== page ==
The return of Yamaguchi to Main Street is the comeback of 2015.

In 2013, the original Yamaguchi was destroyed by fire. Two and one-half years later, the gracious restaurant is back, a few doors from its first location, and so are diners devoted to the subtleties of classic Japanese cuisine, especially sushi.

Owners Yasuko and Akira Yamaguchi preside over their reborn spot, where regulars will find veteran chefs and waitresses, too. Since 1988, everything has changed and nothing has changed. Simplicity and clarity reign.

The new Yamaguchi is a bright dining room, modestly appointed, full of bamboo plywood and light touches. Photos that decorated its predecessor are in place. The sushi bar is very busy. Takeout abounds. And there's not a trace of either notice-me fusion fare or overorchestrated sushi rolls.

Begin with any of Yamaguchi's "special appetizers," a two-column list that's traditional and, given the competition from glitzy establishments, absolutely refreshing. Sample lustrous fluke usuzukuri, thinly sliced and fanned out, to be finished with ponzu sauce. Savor the rich sashimi of fatty tuna and the salmon roe with grated yam. Nibble on the squid flecked with spicy cod roe and the tiny, fried Japanese icefish.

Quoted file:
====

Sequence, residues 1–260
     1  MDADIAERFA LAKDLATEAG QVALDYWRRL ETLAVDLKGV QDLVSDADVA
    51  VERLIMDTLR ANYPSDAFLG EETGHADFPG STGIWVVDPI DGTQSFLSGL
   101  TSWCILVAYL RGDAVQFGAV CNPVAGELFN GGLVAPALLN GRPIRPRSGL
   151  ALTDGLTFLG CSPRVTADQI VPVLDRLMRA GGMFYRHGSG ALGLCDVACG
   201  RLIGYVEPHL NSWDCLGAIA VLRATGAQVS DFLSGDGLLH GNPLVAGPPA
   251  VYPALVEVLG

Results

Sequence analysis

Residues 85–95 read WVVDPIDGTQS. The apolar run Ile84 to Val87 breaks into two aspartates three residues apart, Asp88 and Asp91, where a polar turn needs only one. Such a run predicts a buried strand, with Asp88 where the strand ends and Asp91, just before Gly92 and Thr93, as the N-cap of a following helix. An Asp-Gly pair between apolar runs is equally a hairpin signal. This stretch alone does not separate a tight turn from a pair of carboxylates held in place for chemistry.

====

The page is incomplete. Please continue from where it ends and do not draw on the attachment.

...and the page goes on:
Yamaguchi's lobster katsu, a fried cutlet, is very good. Shrimp and vegetable tempuras deliver crunch, flavor and lightness. Dive into the excellent seaweed salad.

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Nigirizushi, or uncooked fish on ovals of vinegared rice, is outstanding. Some favorites: fatty tuna, beef-red maguro tuna, delicate yellowtail, more assertive mackerel, scallop, salmon and toasty eel.

Many of the colorful sushi rolls are recommended, both for their taste and their dimensions. These are not the steroidal monsters that too often overwhelm this type of sushi. Yamaguchi's are balanced and right. Consider the yellowtail with scallion, fatty tuna with scallion, the multi-fish rainbow number and the spicy tuna roll, seasoned just enough without masking the fish.

Fine cooked choices include the tender, rosy roast duck; and the lush, marinated pork belly. The meaty deep-fried chicken wings will appeal even to purists. Yamaguchi sends out respectable gyoza, or fried dumplings; and steamed shrimp shumai. Noodles dishes are fine, from the chilled soba to the hot udon.

During recent visits, tableside preparations of simmered beef, or shabu-shabu; meat-and-vegetable hot pot sukiyaki and seafood hot pot yosenabe for two weren't available. If you're inclined, check a day in advance.

Fresh melon or ice cream conclude the meal. You'll want no more. Toast Yamaguchi's revival with your remaining sake.